Provincial Munich orchestra and Entremont’s uninspired leadership get Kravis classical season off to weak start

By Lawrence Budmen

Phillippe Entremont and the Munich Symphony Orchestra opened the Kravis Center's Regional Arts series Tuesday night in West Palm Beach with music of Mozart and Schoenberg.

The Munich Symphony Orchestra opened the Regional Arts Concert Series at the Kravis Center in West Palm Beach on Tuesday night with a double bill of Mozart’s final, unfinished masterpiece and the first major work of Arnold Schoenberg. Kravis favorite Philippe Entremont, the orchestra’s laureate conductor, was on the podium.

This Munich ensemble should not be confused with the city’s other three excellent orchestras — the Bavarian Radio Symphony, Bavarian State Orchestra and Munich Philharmonic. The Munich Symphony is a third-tier orchestra of less than world class stature. Throughout the concert, persistent intonation problems and inconsistent execution marked orchestral playing that often sounded provincial.

Schoenberg’s Verklarte Nacht (Transfigured Night) was first conceived as a string sextet in 1899. Predating the composer’s historic break with tonality, the score is richly chromatic, expanding the heated romantic passion of Wagner’s Tristan and Isolde. Based on a poem about a woman’s confession to her lover about bearing another man’s child and the lover’s ultimate acceptance and forgiveness, Verklarte Nacht is a heady brew of richly inspired melodic and harmonic invention. Even in Schoenberg’s later version for full string orchestra, this score remains an artistic landmark from the twilight of musical romanticism.

From the score’s very opening bars, the Munich violins were often ragged, their intonation less than true. While viola and cello solos resounded with warmth and richness of tone, the concertmaster’s solo turn was thin and technically insecure. Entremont’s fast tempos robbed the score of much of its romantic ardor, confusing speed with passion. His square phrasing often reduced the music’s transcendent beauty to banality. Bereft of accumulated intensity, the final catharsis fell flat.

Mozart left his Requiem in D minor incomplete at his death. The final artistic product from the tumultuous year of 1791, the score was completed by Mozart’s pupil Franz Xavier Sussmayr. Sussmayr orchestrated most of Mozart’s existing manuscript, filled in several gaps in the score and apparently composed three of the four concluding movements for which there are no surviving sketches.  While others have also produced completed versions of Mozart’s final musical will and testament, most notably Benjamin Britten and Boston musicologist Robert Levin, Sussmayr’s workmanlike edition is most often performed. Despite the score’s dual authorship, the Requiem is much more than an incomplete torso. Some of Mozart’s most spiritual, deeply moving music shines through its pages.

The Munich orchestra was joined by the superb Gloriae Dei Cantores, a forty-one voice choir based in Cape Cod, Massachusetts. Splendidly prepared by director Elizabeth Patterson, the choir produced full-voiced fortissimos that stormed the hall and the heavens but could also scale its sound down to the softest whisper. Benefitting from its compact size and corporate precision, the group brought total clarity to the fugal lines of the Kyrie. The women’s voices turned ethereal in the melodic glories of the Lacrimosa and the group’s mellow, beautifully blended sonorities in the Hostias marked the high point of a distinguished vocal performance.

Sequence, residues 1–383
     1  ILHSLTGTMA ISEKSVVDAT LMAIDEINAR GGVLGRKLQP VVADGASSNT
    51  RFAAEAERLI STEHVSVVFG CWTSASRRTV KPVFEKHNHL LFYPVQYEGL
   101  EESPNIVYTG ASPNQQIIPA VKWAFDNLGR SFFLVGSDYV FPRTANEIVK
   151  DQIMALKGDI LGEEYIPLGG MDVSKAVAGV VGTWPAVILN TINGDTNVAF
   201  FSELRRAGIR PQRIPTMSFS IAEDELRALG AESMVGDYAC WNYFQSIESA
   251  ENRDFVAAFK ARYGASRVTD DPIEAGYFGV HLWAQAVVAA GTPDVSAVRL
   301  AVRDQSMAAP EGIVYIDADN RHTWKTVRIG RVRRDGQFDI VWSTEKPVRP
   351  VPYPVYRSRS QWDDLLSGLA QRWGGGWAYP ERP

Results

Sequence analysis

The orchestral ensemble was not always in sync with the chorus. Wayward, thin toned woodwinds at the outset preceded some raucous brass playing, particularly in the score’s later pages. While the strings were more secure and played with greater tonal warmth than in the Schoenberg, there was a wild scramble in the violins at the onset of the Dies irae.

While the broad outlines of the Requiem were delineated, Entremont’s uninspired leadership and lackluster direction robbed the music of much of its eloquence. The heavy tread of the Rex tremendae and plodding tempo of the fugal Sanctus undercut the fine choral singing. In the solo quartet of the Benedictus, Entremont’s pace was too fast for the noble melody to take wing.

Russian-born soprano Valentina Fleer sang in richly colored, lyrical tones with a slight edge in her upper register. French mezzo Julie Cherrier’s light, attractive timbre was perfect for Mozart. Fleer and Cherrier blended felicitously in duets. Baritone Benjamin Bloomfield’s manly sound and strong low tones commanded the Tuba mirum, accompanied by a fine solo trombone. Only tenor Eric Barry’s effortful vocalism and strained high notes marred a strong solo quartet.

The Regional Arts Concert Series presents the Munich Symphony Orchestra with conductor-pianist Philippe Entremont in works by Mozart and Beethoven 2 p.m. Wednesday at the Kravis Center in West Palm Beach.  561-832-7469;

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Wed Nov 16, 2011
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